You’re reading a self-development book and it says you should cut out TV to get that time back.
Then, of course, you go cold turkey after that and only read business books and journal articles.
You just continue watching but sometimes feel guilty? Don’t feel bad. Some of the best modern stories are in TV shows.
(If you’re watching 8 hours daily week in and week out, that’s another story.)
It’s okay if it’s not some philosophical drama. It’s well worth the time if you end up relaxed and laughing.
Always Sunny in Philadelphia has made people laugh. For years. And I started to feel pretty old realizing it’s entering it’s 15th season.
On an episode of The Writer Files, Rob Mcelhenny talks about the evolution of Always Sunny and the writer’s room for Always Sunny and Mythic Quest. (They’ve gotten to a process where they work reasonable hours and can go back home to spend time with their families.) The motivation to continue going mostly comes from everyone working on it still enjoying making it.
He also touches on where he gets most of his inspiration. Kelton Reid (host of The Writer Files) asks Rob what influences him and what gives him creative inspiration:
Rob McElhaney: Yes. Well, I can tell you that all of my inspiration has come from watching television.
So when I was a kid, I watched a ton of television. Mostly comedy. What I realized was… even early on when I was in high school… that it wasn’t just that I felt like it was bringing me joy—which it was—but I felt less alone. And felt like I was… it’s experiencing something with other people even though I was alone watching it in my room.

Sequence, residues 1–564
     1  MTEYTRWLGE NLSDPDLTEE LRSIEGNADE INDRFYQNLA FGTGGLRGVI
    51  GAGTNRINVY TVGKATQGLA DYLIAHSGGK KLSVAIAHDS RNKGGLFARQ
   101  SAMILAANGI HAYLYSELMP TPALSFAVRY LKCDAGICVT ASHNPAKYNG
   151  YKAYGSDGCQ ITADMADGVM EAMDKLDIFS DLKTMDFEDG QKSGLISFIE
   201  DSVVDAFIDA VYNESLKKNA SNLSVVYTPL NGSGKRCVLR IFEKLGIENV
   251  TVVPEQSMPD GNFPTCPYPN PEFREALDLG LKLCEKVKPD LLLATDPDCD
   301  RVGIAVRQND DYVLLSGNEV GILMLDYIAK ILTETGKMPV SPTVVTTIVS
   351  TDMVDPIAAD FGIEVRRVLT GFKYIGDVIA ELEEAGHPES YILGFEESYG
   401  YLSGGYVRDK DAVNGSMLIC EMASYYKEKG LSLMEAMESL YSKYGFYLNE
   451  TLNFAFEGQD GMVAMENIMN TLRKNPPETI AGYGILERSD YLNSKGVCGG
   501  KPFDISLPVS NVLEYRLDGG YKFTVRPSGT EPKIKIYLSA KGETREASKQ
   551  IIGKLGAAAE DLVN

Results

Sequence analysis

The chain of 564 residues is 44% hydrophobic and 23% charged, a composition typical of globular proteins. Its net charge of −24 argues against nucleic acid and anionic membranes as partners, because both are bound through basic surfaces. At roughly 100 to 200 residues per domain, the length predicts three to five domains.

So every Thursday night, I would tune into Friends and Seinfeld and would feel like I was a part of something. And I feel like at the at the very least that’s just bringing, you know, an hour of fun into someone’s life.
Putting a dent in the universe is one thing. Making other people laugh for an hour can be just as good.
In Creative Calling, Chase Jarvis writes about the value of cross-pollinating. Whatever you create, consume things from other genres and other disciplines.
It also helps to cross-pollinate. If you’re a musician, consume film. If you’re a web designer, attend the ballet. This is one tactic that helped me find my unique voice as an artist: most of my influences come from beyond the world of photography. To learn about light, I studied oil painting for years. To learn how to shoot lifestyle images, I studied balanced body positioning through figure drawing. The list is a mile long.
One of my favorite things about hosting my own podcast is welcoming musicians, artists, designers, writers, speakers, travelers, entrepreneurs, business titans, and more to chat for an hour at a time. This informs my art, my work, and my world and fuels new passions beyond my current comfort zone.
The best nonfiction books have stories spanning chapters and usually some thread through the entire book. David Epstein, author of Range (excellent book!), has talked about how taking a fiction writing workshop helped out his nonfiction writing tremendously.
Favorite hobbies? Running for sure. I was a national level runner, and I like outdoor stuff in general. For one of my monthly experiments, I decided to take a beginner’s online fiction writing course. We had to write a story with no dialogue and I realized I had been leaning on quotes when I didn’t totally understand something. I went back into the Range manuscript and stripped a huge number of quotes. So now I’m taking some more fiction writing courses.
If you actually did go Cold Turkey and haven’t watched TV in a while, dip your toes in a little bit. You can always tell yourself that you’re just doing it to learn about storytelling.
And you just might enjoy it a bit.
Until then, check out that Writer Files episode (“How ‘It’s Always Sunny…’ and ‘Mythic Quest’ Co-Creator and Star Rob McElhenney Writes”).